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Prince Harry echoes his mother as he praises the ‘amazing’ efforts of Ukrainians

Prince Harry has praised the ‘amazing’ efforts of Ukrainians who have been working for a landmine clearing charity. 

The Duke of Sussex held a video call with two women who have made the decision to stay in Ukraine with the Halo Trust which has been clearing military ordinance in the eastern European country since 2016.

Princess Diana worked with the Halo Trust in Huambo, Angola, during the 1990s in a fight against landmines. At the time, her support for an international treaty banning use of the explosive devices was seen as a political stance, but it was widely regarded as one of her greatest humanitarian efforts.

The Duke of Sussex held a video call with two women who have made the decision to stay in Ukraine with the Halo Trust which has been clearing military ordinance in the eastern European country since 2016

Olesia

Maryna

Prince Harry met virtually with Olesia (left), Halo’s communications manager in Ukraine, and Maryna (right), 25, the charity’s monitoring and evaluation officer

Princess Diana wearing a bombproof visor during her visit to a minefield in Huambo, in Angola in 1997

Princess Diana wearing a bombproof visor during her visit to a minefield in Huambo, in Angola in 1997

Prince Harry, who has served as the charity’s patron and visited Angola to see the work they are doing, met virtually with Olesia, Halo’s communications manager in Ukraine, and Maryna, 25, the charity’s monitoring and evaluation officer.

Harry is seen asking the pair how the past couple of weeks have been, to which Maryna responds: ‘Life has turned upside down. Sometimes it seems to me it’s just a nightmare and I’m going to wake up soon.

‘And now we are all together with my family and we have a three-year-old child and each time when we hear the sirens my nephew asks me “what’s happening” and “when will the war end?”

Harry goes on to ask if the women, both aged in their 20s, had the opportunity to leave Ukraine when the war started.

Maryna said: ‘I personally decided to stay because it was quite vague to get the idea about what is happening right now.

‘We don’t know what will happen tomorrow and what is the right decision but now we are here.’

Harry praised the volunteers for their work in Ukraine, adding: 'Keep doing what you're doing, saving lives'

Harry praised the volunteers for their work in Ukraine, adding: ‘Keep doing what you’re doing, saving lives’

Olesia added: ‘It’s really, really important because right now we see the use of ammunitions and mines so we needed to inform people how to recognise explosive devices and even just some parts of those so that adults and children can stay safe.’

Ending the call, Harry added: ‘I know you are going to continue doing the work that is so desperately needed for Halo, for your families and your country.

‘Thank you for being so brave and being so amazing and well done.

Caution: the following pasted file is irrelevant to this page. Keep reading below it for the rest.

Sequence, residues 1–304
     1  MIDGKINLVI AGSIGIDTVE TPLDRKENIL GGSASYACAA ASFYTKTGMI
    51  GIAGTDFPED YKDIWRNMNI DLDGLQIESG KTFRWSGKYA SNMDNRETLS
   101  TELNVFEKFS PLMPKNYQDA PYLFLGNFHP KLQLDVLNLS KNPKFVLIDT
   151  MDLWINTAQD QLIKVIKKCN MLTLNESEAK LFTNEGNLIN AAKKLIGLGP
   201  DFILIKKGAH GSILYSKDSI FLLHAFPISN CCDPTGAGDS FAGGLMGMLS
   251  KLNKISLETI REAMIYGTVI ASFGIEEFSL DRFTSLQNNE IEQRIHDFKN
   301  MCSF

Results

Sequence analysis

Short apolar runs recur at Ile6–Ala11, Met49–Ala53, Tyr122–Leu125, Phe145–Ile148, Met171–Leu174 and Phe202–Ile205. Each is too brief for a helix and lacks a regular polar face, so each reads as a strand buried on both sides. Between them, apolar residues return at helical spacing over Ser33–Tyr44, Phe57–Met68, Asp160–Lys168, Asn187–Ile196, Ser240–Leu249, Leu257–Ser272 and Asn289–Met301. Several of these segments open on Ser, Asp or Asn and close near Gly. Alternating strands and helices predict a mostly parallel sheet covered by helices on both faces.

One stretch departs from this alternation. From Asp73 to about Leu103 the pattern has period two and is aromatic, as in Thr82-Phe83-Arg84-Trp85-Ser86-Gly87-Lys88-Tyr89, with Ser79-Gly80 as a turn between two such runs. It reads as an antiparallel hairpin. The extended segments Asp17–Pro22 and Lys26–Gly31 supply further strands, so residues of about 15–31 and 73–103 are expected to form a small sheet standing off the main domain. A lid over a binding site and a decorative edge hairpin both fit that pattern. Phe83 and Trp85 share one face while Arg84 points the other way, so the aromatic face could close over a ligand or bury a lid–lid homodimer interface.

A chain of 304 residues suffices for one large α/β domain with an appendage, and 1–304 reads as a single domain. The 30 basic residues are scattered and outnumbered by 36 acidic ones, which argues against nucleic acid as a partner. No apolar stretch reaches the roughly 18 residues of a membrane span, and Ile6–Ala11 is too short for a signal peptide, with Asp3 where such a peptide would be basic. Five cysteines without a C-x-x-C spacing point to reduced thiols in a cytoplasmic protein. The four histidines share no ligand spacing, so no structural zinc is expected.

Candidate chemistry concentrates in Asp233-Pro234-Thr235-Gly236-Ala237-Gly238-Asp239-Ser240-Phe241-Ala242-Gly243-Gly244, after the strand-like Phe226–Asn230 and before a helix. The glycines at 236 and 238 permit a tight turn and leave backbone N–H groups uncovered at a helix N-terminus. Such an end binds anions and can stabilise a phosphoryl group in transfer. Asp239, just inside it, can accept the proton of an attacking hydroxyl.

‘Thank you for doing it. Keep doing what you’re doing, saving lives.’ 

Olesia replied: ‘It’s the least we can do.’      

Meghan Markle and Prince Harry have made donations of an undisclosed amount to charities to support the people of Ukraine as they paid tribute to Invictus Games star killed in action in Ukraine

Meghan Markle and Prince Harry have made donations of an undisclosed amount to charities to support the people of Ukraine as they paid tribute to Invictus Games star killed in action in Ukraine

Today the couple announced they made donations to several charities including The Halo Trust, the humanitarian landmine clearance charity, and HIAS, an international Jewish humanitarian organization that supports refugees (pictured Kyiv)

Today the couple announced they made donations to several charities including The Halo Trust, the humanitarian landmine clearance charity, and HIAS, an international Jewish humanitarian organization that supports refugees (pictured Kyiv) 

Earlier today, Prince Harry and Meghan Markle announced they made donations to several charities including The Halo Trust.

The non-political charity helps communities across the world remove deadly landmines from their land.

Halo has 8,500 staff in 25 countries and territories and has been providing ambulances and logistics to medical authorities in Zimbabwe, Somalia, Libya, Afghanistan and Guinea-Bissau.

The duke made an emotional pilgrimage to Africa in 2019 to retrace the steps of his mother Diana, who famously walked through a partially cleared Angolan minefield in 1997 to highlight the trust’s efforts and the threat of the military munitions.

In 1997, Diana said: ‘I am not a political figure. As I said at the time, and I’d like to re-iterate now, my interests are humanitarian. 

‘That is why I felt drawn to this human tragedy. How can countries which manufacture and trade in these weapons square their conscience with such human devastation?’ 

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